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As a physics postdoc who is thinking of switching careers, I definitely sympathise with this article. And I agree with almost everything about it, except this line:

    Success as a faculty member requires one thing above all else: a good reputation in your field.
And all I really disagree with is the wording - a good reputation does not mean a reputation for excellence. A good reputation means agreeable, means suitably deferential, means knows the correct people and will do as they're told. None of this correlates with excellence...and people who are excellent at research probably don't really want to become faculty, aside from the status and security - it takes away the ability to do research, for a large part.

So I agree with the conclusion that the overall standard of faculty is not impressive to students, but it's not because the faculty are not risk takers or innovative - it's because for the most part, the faculty are political animals, not technical ones. They may also be very good technically, but this is an accident and not a feature of the system and untrue more often as not. The cynical students mentioned in the article will likely sniff that out quite quickly whereas, in my experience, the good students are simply more naive. Both types tend to be just as intelligent and hard working, but the cynical students will work on what they want, rather than what the professor wants.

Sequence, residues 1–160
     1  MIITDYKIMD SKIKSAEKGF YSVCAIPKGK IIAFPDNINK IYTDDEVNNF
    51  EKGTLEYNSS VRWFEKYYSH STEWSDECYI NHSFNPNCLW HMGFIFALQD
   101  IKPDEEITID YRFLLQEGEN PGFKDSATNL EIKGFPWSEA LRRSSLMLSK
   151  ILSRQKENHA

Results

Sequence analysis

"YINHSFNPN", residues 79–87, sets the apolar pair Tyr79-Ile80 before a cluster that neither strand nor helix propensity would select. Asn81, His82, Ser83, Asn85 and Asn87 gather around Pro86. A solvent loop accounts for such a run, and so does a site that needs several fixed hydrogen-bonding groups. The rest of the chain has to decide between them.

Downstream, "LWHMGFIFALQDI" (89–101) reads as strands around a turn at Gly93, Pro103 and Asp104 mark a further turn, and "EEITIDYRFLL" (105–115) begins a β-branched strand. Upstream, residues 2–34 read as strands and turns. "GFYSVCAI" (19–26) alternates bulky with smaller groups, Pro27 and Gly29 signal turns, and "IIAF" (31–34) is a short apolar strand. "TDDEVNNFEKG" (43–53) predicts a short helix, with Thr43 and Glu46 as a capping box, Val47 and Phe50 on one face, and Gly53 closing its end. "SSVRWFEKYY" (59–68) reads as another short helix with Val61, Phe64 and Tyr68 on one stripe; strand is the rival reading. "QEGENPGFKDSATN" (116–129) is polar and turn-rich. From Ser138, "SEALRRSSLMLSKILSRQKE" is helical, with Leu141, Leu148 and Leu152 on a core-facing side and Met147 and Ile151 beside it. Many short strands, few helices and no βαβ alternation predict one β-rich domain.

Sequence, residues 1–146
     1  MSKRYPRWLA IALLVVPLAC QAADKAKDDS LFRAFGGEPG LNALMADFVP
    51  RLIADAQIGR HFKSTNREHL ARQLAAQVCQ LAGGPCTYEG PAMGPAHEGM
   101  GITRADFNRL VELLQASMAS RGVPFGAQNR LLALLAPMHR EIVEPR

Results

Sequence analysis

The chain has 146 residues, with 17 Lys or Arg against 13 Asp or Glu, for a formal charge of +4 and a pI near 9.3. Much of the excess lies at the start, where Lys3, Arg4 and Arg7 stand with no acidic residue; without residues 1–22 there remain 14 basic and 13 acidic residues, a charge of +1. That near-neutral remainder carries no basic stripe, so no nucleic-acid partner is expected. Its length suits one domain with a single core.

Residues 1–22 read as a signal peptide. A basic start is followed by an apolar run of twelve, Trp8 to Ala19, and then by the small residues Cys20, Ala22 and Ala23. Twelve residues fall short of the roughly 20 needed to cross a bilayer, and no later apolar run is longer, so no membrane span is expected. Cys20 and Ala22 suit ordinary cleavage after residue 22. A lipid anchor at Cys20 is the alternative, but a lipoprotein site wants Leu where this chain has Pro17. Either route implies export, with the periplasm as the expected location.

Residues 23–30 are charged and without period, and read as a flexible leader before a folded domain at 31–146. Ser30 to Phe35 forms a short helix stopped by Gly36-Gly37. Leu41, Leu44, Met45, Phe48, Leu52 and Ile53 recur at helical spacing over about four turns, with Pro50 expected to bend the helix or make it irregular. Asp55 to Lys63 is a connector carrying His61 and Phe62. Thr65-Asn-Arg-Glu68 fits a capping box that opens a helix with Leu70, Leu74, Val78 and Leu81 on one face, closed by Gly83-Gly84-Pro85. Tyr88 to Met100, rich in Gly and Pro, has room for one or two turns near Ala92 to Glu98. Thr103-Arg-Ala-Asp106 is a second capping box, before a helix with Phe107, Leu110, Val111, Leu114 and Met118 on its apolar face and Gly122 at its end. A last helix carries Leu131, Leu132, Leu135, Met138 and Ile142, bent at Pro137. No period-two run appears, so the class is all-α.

As a practicing (bio)chemist, I am usually somewhat cynical about philosophy professors, but what this guy says is spot on. Perhaps this is a self-serving agreement, since I was definitely one of these "good bad students".

In my experience, yes, including your minor clarification on the word 'good', the full description applies equally to chemistry as philosophy (presumably). But then that makes one wonder: Why are we entrusting this system with taxpayer resources to produce science?

Secondly, "But the university doesn't need to exert any pressure, because it's already filtered out the people who would need to be pressured..." What does this mean for controversial topics, like climate science, where political decisions are made based on 'consensus'?